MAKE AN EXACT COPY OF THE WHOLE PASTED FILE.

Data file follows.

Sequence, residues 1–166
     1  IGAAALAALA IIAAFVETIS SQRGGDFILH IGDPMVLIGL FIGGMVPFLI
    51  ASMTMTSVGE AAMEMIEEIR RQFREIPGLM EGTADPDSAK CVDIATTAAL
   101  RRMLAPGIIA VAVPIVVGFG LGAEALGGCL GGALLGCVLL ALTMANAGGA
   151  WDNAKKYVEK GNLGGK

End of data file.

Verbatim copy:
Sequence, residues 1–166
     1  IGAAALAALA IIAAFVETIS SQRGGDFILH IGDPMVLIGL FIGGMVPFLI
    51  ASMTMTSVGE AAMEMIEEIR RQFREIPGLM EGTADPDSAK CVDIATTAAL
   101  RRMLAPGIIA VAVPIVVGFG LGAEALGGCL GGALLGCVLL ALTMANAGGA
   151  WDNAKKYVEK GNLGGK